State of Wonder by Ann Patchett
When people ask me for a book recommendation – a novel that is solid and well-written with an enjoyable and engaging story – I think of this book. It’s been a favorite of mine since it came out in 2011. I’ve read two books by Ann Patchett, State of Wonder and Bel Canto, and thoroughly enjoyed both. Patchett is a master storyteller and remarkably talented writer.Her action scenes read like a movie script yet she always captures emotional and poignant nuances between characters. Her stories showcase a clear human element while never sacrificing pace or plot.
State of Wonder focuses on Dr. Marina Singh, a pharmacologist working at Vogel, a large pharmaceutical company. While likeable enough, Marina is a kind of everywoman – bland, non-controversial, morally sound – she serves as an excellent foil to the more flamboyant personalities in the novel. Vogel is funding the work of Dr. Annick Swenson, Marina’s former mentor and a scientist of legendary proportions, who is developing a fertility drug deep in the Amazon. No one, not even Jim Fox, Vogel’s CEO and Marina’s lover, knows where Dr. Swenson’s research station is located.
The rumor is that Lakashi women, an Amazonian tribe with whom Dr. Swenson has worked for decades, can conceive and carry pregnancies well into their 60’s, 70’s, and beyond. It is the fertility holy grail. Dr. Swenson has been given a wide and lenient berth to conduct her research.
As Anders had tried to explain to her when she had been so disinclined to listen, the Lakashi were an isolated tribe in the Amazon whose women appeared to continue to give birth to healthy infants well into their seventies. Securing accuate ages on the women was of course an inaccurate science. Still, it did not undermine the point: old women were having babies. The Lakashi were reproducing for up to thirty years beyond the women in neighboring tribes. Families containing five generations were commonplace, and aside from what could perhaps be called a heightened exhaustion, they all appeared to enjoy a state of health commensurate to that of their indigenous peers.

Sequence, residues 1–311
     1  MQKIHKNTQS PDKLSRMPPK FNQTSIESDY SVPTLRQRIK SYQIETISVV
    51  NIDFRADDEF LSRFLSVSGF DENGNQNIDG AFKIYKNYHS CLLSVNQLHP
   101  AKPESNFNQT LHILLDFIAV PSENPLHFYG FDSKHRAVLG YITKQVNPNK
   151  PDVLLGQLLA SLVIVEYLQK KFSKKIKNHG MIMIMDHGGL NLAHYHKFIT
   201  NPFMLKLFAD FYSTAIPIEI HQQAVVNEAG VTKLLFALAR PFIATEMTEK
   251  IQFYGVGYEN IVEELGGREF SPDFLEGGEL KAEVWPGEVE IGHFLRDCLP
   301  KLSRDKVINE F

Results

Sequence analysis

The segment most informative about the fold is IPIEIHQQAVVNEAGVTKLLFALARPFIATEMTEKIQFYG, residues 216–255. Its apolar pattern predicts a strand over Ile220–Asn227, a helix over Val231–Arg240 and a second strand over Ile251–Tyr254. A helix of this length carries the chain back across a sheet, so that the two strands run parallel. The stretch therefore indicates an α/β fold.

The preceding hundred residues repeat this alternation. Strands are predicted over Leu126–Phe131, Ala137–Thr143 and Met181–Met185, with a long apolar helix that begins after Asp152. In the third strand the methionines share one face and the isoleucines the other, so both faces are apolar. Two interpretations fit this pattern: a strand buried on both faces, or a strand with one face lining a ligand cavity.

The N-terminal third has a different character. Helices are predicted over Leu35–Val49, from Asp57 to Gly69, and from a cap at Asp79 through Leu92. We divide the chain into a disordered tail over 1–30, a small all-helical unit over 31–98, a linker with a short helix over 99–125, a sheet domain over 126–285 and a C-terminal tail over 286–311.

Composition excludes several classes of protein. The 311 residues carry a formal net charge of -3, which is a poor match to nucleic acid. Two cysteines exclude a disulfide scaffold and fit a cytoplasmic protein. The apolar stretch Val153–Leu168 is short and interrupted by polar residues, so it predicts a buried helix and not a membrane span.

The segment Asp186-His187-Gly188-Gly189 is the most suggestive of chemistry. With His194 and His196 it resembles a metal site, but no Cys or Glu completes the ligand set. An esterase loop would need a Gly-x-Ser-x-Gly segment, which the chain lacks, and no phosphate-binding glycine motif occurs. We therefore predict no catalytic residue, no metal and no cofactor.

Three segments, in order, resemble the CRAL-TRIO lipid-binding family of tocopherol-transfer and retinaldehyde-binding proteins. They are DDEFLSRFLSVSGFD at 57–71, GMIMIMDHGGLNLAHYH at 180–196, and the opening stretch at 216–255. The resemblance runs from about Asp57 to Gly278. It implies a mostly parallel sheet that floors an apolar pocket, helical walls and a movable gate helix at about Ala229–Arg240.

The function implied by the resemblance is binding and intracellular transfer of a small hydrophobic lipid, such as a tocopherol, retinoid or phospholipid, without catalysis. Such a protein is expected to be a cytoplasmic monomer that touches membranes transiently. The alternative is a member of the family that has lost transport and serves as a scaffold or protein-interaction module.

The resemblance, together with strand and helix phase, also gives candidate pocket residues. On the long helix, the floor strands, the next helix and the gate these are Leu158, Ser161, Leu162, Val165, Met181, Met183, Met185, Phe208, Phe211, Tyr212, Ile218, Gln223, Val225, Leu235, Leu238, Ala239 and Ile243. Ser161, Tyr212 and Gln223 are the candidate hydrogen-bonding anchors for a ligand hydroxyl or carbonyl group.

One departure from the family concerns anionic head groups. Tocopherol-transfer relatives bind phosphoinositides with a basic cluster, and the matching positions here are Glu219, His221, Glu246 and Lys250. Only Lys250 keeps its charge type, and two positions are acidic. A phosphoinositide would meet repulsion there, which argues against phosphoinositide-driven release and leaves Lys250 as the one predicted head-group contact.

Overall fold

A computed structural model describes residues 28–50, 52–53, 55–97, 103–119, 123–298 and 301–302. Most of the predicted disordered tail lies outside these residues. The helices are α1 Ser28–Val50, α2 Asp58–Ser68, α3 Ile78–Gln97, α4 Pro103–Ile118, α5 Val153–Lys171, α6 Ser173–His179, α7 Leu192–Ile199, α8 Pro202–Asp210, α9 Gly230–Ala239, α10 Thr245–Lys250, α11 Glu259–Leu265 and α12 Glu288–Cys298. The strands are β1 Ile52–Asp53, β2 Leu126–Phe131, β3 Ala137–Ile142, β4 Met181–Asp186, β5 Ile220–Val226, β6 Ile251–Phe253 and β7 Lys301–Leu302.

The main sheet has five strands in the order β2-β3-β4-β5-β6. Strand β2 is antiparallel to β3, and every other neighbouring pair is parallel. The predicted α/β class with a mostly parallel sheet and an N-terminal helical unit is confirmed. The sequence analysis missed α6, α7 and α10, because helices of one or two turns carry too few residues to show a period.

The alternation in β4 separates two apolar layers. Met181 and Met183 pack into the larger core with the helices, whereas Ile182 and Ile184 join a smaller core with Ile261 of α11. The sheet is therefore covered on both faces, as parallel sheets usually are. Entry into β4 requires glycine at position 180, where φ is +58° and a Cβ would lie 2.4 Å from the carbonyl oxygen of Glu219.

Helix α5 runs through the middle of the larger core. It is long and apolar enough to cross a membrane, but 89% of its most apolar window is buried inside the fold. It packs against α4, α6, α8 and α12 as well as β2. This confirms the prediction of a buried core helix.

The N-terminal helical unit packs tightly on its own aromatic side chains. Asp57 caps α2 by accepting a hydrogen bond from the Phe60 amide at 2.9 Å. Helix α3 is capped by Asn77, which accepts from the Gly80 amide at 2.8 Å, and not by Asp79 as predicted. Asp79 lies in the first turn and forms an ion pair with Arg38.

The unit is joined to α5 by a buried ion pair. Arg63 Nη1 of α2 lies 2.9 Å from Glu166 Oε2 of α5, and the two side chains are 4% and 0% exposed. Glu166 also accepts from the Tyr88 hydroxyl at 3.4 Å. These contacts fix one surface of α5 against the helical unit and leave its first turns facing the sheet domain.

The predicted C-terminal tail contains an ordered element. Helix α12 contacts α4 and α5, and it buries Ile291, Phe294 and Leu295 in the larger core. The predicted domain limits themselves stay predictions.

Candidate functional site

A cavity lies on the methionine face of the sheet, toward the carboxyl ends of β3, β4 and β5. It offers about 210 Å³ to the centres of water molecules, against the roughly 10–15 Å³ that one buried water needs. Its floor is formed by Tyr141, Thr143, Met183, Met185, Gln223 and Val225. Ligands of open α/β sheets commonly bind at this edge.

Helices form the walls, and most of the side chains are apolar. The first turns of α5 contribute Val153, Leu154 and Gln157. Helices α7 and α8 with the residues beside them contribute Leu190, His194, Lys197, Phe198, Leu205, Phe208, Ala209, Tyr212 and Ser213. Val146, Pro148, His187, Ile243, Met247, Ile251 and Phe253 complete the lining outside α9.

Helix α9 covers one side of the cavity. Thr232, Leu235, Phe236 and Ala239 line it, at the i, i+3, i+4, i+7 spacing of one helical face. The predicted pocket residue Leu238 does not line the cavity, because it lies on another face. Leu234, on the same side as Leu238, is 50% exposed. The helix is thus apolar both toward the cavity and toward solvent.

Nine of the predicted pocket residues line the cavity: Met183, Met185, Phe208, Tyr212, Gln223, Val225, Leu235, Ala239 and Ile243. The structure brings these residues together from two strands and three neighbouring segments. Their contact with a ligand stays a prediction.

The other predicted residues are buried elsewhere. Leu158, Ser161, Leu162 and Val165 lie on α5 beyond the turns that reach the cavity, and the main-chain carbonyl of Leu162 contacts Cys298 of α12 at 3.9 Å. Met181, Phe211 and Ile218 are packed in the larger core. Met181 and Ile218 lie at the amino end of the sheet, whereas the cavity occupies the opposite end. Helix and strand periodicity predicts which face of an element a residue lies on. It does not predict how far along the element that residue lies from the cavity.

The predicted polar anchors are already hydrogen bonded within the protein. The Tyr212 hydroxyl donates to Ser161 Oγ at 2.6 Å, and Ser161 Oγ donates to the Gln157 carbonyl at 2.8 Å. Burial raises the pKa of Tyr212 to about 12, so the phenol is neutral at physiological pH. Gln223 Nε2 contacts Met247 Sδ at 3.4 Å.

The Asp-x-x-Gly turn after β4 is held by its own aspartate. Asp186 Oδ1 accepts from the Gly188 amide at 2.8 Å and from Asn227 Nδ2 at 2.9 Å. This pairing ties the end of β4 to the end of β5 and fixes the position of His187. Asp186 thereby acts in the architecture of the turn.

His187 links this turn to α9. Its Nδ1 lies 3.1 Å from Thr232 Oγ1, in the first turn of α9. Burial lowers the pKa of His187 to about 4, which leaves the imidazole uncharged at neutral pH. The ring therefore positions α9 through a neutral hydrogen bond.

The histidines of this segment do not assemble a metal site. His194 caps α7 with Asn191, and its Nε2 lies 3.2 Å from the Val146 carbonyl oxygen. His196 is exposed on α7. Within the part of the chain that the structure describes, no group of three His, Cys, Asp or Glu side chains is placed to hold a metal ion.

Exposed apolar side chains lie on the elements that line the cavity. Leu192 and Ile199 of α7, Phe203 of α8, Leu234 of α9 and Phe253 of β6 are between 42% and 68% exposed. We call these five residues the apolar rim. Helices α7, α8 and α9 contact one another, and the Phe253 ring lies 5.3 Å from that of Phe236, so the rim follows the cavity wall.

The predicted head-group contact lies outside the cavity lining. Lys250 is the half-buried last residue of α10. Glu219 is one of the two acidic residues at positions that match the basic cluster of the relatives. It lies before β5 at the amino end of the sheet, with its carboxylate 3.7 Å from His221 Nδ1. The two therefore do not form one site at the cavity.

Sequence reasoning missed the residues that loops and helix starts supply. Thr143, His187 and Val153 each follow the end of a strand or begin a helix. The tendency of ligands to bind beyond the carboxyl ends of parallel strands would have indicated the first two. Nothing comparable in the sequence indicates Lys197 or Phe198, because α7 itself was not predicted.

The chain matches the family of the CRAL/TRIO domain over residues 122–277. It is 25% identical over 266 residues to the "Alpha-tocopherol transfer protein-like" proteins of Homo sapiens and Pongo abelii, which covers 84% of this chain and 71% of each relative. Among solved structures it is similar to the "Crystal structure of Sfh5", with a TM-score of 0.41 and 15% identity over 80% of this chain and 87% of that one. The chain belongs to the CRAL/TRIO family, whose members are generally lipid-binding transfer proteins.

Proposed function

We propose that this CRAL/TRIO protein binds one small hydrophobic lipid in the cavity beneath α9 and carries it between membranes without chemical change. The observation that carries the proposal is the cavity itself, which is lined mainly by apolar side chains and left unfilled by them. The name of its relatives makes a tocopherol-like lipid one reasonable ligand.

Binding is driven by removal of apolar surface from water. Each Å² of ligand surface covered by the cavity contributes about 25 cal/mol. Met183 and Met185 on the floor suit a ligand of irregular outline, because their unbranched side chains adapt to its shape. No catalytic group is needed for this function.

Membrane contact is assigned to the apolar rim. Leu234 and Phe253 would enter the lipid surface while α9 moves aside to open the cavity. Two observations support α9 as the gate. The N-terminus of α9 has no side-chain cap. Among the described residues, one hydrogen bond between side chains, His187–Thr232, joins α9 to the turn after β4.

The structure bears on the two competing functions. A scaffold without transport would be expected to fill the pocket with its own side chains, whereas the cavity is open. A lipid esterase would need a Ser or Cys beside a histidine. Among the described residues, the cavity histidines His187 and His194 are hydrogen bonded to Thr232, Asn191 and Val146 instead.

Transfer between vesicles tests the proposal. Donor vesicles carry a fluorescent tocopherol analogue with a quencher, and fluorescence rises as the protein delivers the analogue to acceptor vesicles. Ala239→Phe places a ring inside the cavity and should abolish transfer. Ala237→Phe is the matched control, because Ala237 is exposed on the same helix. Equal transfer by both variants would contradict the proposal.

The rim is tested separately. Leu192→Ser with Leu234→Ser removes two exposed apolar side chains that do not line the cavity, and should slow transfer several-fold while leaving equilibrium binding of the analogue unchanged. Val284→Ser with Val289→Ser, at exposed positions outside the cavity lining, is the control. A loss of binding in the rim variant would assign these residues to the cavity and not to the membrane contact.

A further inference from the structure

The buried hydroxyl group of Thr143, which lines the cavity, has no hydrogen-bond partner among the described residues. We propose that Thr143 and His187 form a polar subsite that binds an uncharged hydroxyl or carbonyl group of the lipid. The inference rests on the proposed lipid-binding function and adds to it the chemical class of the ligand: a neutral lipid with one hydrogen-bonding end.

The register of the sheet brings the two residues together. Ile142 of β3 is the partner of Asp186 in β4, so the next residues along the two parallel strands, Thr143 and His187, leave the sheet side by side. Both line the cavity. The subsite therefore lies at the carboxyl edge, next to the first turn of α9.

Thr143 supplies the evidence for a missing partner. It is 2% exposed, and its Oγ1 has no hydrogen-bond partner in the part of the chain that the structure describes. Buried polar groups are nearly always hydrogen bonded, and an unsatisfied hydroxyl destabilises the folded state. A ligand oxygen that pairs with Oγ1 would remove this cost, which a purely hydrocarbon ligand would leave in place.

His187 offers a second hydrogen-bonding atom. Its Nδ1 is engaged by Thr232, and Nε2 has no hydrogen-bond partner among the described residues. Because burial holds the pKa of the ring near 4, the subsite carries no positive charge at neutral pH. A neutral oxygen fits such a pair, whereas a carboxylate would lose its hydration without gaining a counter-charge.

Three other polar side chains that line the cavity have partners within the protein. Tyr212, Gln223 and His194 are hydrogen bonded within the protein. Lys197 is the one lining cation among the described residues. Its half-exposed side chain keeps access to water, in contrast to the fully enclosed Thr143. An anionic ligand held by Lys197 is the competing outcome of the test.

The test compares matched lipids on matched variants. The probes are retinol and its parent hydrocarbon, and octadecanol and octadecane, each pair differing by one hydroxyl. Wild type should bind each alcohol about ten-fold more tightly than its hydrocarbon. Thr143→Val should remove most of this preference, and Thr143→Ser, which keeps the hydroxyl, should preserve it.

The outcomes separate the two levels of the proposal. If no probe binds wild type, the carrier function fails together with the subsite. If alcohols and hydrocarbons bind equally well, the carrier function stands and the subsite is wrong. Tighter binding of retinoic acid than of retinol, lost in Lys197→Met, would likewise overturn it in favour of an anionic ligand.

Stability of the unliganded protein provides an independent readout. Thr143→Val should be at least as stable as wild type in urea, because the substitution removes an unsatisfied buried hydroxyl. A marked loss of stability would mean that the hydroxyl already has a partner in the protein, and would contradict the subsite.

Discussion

Marina’s office mate and close friend, Dr. Anders Eckman, had been chosen by Vogel to visit Dr. Swenson in the Amazon to check on the progress of the research. A tall, pale, Minnesotan from the suburbs, Anders was a poor candidate for the Amazon. Mr. Fox and Marina receive a brief, cryptic letter from Dr. Swenson noting that Anders had contracted a fever and died. Marina and Mr. Fox, are tasked with breaking the news to Ander’s wife and three young sons. Devastated and in disbelief, Ander’s wife asks Marina to go to the Amazon to find out what happened to Anders.
What follows is a true adventure story – from Marina’s time in Manaus, Brazil, to a few months of life with the Lakashi deep in the Amazon. While there, Marina is asked to give of herself more than she ever thought possible. She reconciles a secret, tragic past, and learns how far she will go for the sake of science and finding out what happened to her friend.
She understood in life that a person was only allowed one trip down to hell.
The novel makes powerful statements about scientific research, protecting indigenous peoples, and respecting and honoring a foreign, sacred land. Patchett does a tremendous job of describing the Amazon, the foreignness of it, its dangers and secrets, and its darkness.
Thought-provoking, descriptive, and fast-paced, State of Wonder seamlessly blends science fiction with a human touch.
Never be so focused on what you’re looking for that you overlook the thing you actually find.